New voting machines that produce a paper ballot for each vote cast make it possible for election officials to conduct post-election audits. Approximately half of all states and the District of Columbia conduct post-election audits, which require a review of paper ballots to check the accuracy of the votes cast. With partisan actors fueled by the Big Lie conducting partisan reviews that undermine confidence in our elections, it is becoming increasingly important for qualified election officials to conduct legitimate audits of their own […]” [https://www.brennancenter.org/our-work/research-reports/voting-machines-risk-2022#footnote1_tstxxlf]
You don’t have to believe that it is “partisan” to demand a verified paper trail for every election, to want a better assurance that your vote will be properly counted, than — the nothing at all you get when think that you have made your choice, and when you walk away from a “DRE” without a “VVPAT”.
It is hardly nonsensical for the public’s “confidence in our elections” to be undermined by the current state of play, a patchwork of digital machines ranging from touchscreen to scanners and other technologies, all of which the average voter thoroughly and correctly understands to be rackety and unverifiable.
People are not stupid; and they live with technology every single day. They know full well that it is not flawless. The ordinary hassles they experience when their PC laptop or HP printer or Fitbit or Android malfunctions in weird ways, or their emails don’t get though or their credit card shows a duplicate charge for a single payment, leads them to have the common sense to question how something as complex and important and delicate as the thousands of tabulations of millions of data points that make up a national election, or even a state-wide election, can possibly be handled adequately, electronically.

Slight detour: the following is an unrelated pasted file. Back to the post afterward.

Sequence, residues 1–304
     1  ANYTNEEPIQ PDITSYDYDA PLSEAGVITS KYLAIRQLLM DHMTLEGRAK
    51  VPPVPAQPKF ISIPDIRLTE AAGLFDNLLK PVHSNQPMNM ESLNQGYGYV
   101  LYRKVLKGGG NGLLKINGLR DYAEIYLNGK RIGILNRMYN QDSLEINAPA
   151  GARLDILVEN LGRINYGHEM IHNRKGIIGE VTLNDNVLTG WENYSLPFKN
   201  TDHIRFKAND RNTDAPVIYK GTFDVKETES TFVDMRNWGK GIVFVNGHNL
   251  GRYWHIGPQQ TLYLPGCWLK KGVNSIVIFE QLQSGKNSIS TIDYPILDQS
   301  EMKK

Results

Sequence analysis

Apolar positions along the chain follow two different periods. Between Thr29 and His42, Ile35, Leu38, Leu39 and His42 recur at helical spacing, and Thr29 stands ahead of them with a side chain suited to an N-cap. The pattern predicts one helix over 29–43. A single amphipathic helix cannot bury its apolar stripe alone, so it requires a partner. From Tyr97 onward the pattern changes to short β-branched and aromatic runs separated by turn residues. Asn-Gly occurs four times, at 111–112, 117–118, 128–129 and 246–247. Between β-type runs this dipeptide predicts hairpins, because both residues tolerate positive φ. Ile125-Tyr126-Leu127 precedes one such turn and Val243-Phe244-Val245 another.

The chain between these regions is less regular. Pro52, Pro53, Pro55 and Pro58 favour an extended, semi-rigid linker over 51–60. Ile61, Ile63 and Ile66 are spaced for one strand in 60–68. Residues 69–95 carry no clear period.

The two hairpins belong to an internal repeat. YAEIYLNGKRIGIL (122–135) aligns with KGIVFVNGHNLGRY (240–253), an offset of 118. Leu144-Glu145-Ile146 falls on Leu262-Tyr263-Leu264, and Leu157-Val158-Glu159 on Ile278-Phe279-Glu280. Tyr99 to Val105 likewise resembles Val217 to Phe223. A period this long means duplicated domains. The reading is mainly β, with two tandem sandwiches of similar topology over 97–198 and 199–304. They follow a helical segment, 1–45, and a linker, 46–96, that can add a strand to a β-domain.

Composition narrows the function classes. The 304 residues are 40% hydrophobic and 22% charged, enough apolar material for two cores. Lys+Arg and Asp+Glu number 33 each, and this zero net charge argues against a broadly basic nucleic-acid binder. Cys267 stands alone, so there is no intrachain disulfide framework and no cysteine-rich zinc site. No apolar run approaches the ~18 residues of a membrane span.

I remember vividly the longtime practice in my local polling place in the West Village, in a public school cafeteria. There was the uplifting ritual of filling in the little ovals, carefully, one by one on a thick paper ballot; and then the voter would be bidden to the voting booths by the bustling, elderly lady volunteers (with somehow always that one handsome elderly gentleman among them, looking pleased). These lovely, officious ladies, nicely dressed for this important occasion, always seem to emerge mysteriously, like Angels of Democracy, to perform this solemn duty.
You would enter a fabulously retro private booth with a hip-length curtain around it, and pull the 1950s-era-seeming thick metal arm solidly in an arc from left to right. The metal tooth locked into its groove at the end of the gesture with a satisfying ca-chunk, physically to register your physical vote. I always left the little schoolhouse at peace; knowing that it was there, my very own vote, executed in my own hand, to be reviewed alongside the physical votes of other citizens, if there were any question about the outcome.
And then one day — I went in and saw a banal row of digital machines, with little screens, like ATM machines, in a row, right in the middle of the room, under glaring fluorescent lights (the cool retro booths, now vanished, had been placed along the perimeters of the cafeteria, facing the walls, so each citizen could have his or her hallowed space).
The new machines had flimsy, gestural barriers “for privacy” on either side of the screen. Well, less like ATMs perhaps, and more like a row of digital urinals.
The elderly ladies, this time around, looked helpless, flustered and dejected, as they had nothing now to do. If there was something that went wrong, or a malfunction, and a citizen approached them — who could help? The issue would go up the chain of command to some harried official who surely was not a techie. The citizen would have to leave the once-sacred polling place with the same frustration one gets when one swipes a credit card at a vending machine and one’s Mars bar stays unmoving, right where it was before one had paid.
Everything now was that damn fragile.
I left the cafeteria, after I had vote, with nothing at all to show for it. There was nothing I could do to bring back my record of my vote, in the event of a contested outcome. It was an extraordinarily disempowering feeling.